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02 : 03 : 20

Three sheds light on a 5G-powered future, Chemberry reveals the worst cities for skin health, and young consumers chase customer service.

Three imagines a vibrant future powered by 5G

Three, Hey UK, The Real 5G Future is Here

UK – UK phone network Three is envisaging a vibrant, multi-layered future of living in the UK – all thanks to the power of 5G.

Created by Wieden + Kennedy London, the experimental ad promotes Three’s 5G network. In the three-minute campaign, Three images a bright, post-Brexit future for the UK, and the ways in which 5G could transform everything from corner shop interactions to air travel and immersive music experiences.

The sci-fi style ad features many familiar British references, including the red London bus, Greggs’ vegan sausage rolls and a London skyline brimming with digital advertising. In one scene, a boy orders an 'emoji water’ from behind the counter of a shop, using a face filter to make him look older. On a flight to the moon, meanwhile, a passenger encapsulates herself in a pod so she can watch content in ‘binge mode’.

The vibrant campaign echoes the themes of our 2019 macrotrend Programmable Realities, with new technologies and connectivity allowing brands to become increasingly integrated into every element of consumer life, creating individual versions of reality. And as we enter a new decade, daily living will be amplified by 5G – offering new possibilities in industries ranging from retail to healthcare.

Hobbi is a platform for crafty types

Hobbi Hobbi
Hobbi Hobbi

Global – Facebook's has revealed a new app, Hobbi, to enable crafty side-hustlers to document their personal projects.

One of a series of experimental apps from Facebook’s NPE team, which is focused on developing apps and experiences centred on communities, Hobbi offers craft-makers and casual hobbyists a space to document their creations and share their progress with others. Functioning in a similar way to mood-board platforms like Pinterest, Hobbi allows users to share photos and videos of their personal projects, with the ability to organise images, share key steps of their journey or create shareable highlights.

'Save photos of the projects you’re working on and the activities you love to do. Whether it’s cooking, baking, DIY, arts [and] crafts, fitness or home decor,’ reads a description on the app’s App Store page. With a focus on personal project progression and hands-on hobbies, the app is running with the hashtag #DoMoreHobbies.

As we will uncover at Trend Briefing on 25 March 2020, people are increasingly interested in engaging in or re-igniting craft-led interests – and using technology to enable instead of distract them from their favourite pastimes.

Chemberry reveals best and worst cities for skin

Global – Chemberry has released the findings of a global study that shows the impact of urban living on the quality and health of our skin.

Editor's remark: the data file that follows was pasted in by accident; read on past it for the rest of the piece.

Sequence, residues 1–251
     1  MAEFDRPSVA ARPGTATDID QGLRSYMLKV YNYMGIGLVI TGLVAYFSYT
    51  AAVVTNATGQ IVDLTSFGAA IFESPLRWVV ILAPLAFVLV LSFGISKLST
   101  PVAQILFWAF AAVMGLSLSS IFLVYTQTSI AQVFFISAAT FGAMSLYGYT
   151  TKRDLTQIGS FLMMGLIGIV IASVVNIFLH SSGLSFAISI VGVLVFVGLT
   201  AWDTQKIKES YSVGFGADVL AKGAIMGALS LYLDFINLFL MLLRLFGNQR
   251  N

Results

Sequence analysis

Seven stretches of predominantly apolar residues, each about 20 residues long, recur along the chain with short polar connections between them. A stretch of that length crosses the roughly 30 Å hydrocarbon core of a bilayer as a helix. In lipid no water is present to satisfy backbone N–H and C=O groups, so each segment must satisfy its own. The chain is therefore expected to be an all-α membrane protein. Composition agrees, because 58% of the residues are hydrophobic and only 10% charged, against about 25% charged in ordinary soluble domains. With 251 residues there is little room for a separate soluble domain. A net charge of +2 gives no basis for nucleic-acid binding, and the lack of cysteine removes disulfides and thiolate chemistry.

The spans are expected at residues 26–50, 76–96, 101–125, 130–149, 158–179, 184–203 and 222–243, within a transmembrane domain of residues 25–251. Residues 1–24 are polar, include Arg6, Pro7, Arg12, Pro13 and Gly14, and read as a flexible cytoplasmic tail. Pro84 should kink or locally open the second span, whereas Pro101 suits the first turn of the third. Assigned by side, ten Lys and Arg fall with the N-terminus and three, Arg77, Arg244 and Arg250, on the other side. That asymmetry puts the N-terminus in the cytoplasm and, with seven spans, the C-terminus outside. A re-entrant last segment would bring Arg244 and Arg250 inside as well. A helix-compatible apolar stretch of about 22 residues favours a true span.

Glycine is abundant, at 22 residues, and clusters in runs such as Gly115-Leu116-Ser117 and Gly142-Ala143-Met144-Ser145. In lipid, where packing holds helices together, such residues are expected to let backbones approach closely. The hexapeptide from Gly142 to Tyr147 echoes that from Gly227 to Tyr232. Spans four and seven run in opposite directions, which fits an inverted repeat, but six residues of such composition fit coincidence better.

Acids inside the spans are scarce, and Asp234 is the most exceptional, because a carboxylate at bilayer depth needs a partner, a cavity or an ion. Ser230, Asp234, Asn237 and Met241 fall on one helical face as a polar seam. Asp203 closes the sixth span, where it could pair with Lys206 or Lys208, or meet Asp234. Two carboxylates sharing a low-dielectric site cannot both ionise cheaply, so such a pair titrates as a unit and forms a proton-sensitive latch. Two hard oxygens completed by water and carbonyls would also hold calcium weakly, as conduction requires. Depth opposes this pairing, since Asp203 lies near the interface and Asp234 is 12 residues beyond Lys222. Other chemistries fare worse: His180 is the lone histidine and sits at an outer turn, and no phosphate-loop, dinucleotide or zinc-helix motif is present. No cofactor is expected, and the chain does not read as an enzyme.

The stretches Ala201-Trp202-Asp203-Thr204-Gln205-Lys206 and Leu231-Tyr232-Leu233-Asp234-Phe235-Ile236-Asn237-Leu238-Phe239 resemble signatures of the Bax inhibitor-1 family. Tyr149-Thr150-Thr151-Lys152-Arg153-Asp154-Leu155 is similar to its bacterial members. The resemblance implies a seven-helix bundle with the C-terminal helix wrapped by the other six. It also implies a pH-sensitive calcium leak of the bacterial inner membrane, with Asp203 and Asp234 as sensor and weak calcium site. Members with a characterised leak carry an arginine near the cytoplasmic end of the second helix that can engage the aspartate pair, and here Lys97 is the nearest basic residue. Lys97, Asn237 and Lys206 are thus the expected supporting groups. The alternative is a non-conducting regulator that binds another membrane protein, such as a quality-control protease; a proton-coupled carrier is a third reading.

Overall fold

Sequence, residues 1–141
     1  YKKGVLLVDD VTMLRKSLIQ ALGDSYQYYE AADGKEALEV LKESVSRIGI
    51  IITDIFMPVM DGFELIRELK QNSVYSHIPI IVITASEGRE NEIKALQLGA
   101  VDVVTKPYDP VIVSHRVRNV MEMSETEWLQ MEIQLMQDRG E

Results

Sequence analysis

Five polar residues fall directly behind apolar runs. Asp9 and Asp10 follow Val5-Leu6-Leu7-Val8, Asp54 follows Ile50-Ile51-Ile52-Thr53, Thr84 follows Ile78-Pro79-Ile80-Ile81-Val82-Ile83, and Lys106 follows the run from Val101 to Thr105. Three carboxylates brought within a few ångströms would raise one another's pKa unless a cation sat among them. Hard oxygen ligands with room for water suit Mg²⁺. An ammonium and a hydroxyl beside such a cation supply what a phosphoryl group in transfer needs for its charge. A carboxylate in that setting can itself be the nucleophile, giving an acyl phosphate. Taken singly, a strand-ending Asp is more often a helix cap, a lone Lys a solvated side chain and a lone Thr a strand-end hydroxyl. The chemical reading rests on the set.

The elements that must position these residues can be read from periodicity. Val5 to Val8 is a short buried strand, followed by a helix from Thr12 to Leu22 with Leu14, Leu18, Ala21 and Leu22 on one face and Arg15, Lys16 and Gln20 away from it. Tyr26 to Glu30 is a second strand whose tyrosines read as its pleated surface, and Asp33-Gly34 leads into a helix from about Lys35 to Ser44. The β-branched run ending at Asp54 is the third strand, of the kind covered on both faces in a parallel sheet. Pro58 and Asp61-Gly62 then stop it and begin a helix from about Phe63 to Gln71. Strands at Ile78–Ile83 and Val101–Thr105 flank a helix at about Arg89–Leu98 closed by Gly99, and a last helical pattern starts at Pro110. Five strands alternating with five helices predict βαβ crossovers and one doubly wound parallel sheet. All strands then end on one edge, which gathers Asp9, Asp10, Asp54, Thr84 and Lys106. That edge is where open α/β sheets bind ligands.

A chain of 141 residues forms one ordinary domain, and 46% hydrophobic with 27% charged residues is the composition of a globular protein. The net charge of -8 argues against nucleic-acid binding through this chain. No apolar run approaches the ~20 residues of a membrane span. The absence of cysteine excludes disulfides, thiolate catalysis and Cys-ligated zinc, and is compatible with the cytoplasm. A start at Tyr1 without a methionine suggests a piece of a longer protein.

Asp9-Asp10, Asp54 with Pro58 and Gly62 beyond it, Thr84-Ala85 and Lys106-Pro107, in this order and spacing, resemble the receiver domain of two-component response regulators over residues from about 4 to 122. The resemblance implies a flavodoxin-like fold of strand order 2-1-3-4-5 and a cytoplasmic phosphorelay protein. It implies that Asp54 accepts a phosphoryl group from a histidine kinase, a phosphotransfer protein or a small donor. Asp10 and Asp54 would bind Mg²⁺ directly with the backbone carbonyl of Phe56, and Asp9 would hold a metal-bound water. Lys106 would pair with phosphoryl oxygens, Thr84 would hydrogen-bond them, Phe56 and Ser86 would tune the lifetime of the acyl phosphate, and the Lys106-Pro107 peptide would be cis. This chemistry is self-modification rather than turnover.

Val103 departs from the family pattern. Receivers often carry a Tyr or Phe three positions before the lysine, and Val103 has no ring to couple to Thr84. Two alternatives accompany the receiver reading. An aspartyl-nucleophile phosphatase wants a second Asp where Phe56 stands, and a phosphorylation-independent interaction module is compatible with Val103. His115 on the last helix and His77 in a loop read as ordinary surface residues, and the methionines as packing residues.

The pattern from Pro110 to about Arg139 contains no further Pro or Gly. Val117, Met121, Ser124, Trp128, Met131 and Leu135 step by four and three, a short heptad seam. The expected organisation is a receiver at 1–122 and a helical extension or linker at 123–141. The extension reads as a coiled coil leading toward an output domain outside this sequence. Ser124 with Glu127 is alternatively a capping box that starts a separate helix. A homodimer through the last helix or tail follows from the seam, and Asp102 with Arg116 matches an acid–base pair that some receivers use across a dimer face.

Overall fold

With a focus on nine environmental and lifestyle factors, the beauty ingredients company draws on data from 80 of the world’s most populous cities. Chemberry examined the dermatological impact of average yearly humidity and overall city temperature, revealing the American city of Phoenix as the best city in the world for skin, with its average temperature of 22.2°C (72°F), and low traffic congestion. The Canadian cities of Vancouver and Montreal were also ranked in the top five for skin health, along with the European cities of Oslo and Munich.

Mumbai was ranked as the worst city in the world for skin health, owing to the high levels of stress associated with traffic congestion, low air quality and high humidity – all factors that decrease the skin's natural barriers. As well as environmental factors, Chemberry also considered dermatological health in relation to people’s lifestyle habits such as smoking and average weekly working hours.

With consumers learning more about Sensitised Living and how to better care for their skin, they’re also thinking more holistically about urban living and the impact of harmful airborne pollutants.

Polluted Beauty by Clean Air Now. Photography by Andrew McGibbon Polluted Beauty by Clean Air Now. Photography by Andrew McGibbon

Generation Z shoppers seek human customer service

A report by Gladly focused on customer service expectations in the US shows that Generation Z and Millennials are more inclined to reach out and interact with customer service teams than older generations.

The research also reveals that consumers increasingly crave a more human experience from the agents they speak with. Some 85% of respondents said they want human customer service agents to be aware of their past conversations with the brand, even when these might have been with a chatbot. Another 50% of consumers want this kind of recognition of past FAQ searches on a brand's site.

Despite being described as digital natives, much of Generation Z take a more old-fashioned approach to shopping, and in particular want to build more personal relationships with vendors. In response to this desire for more human connection, brands and retailers are using SMS as a personal service that goes beyond monetary transactions.

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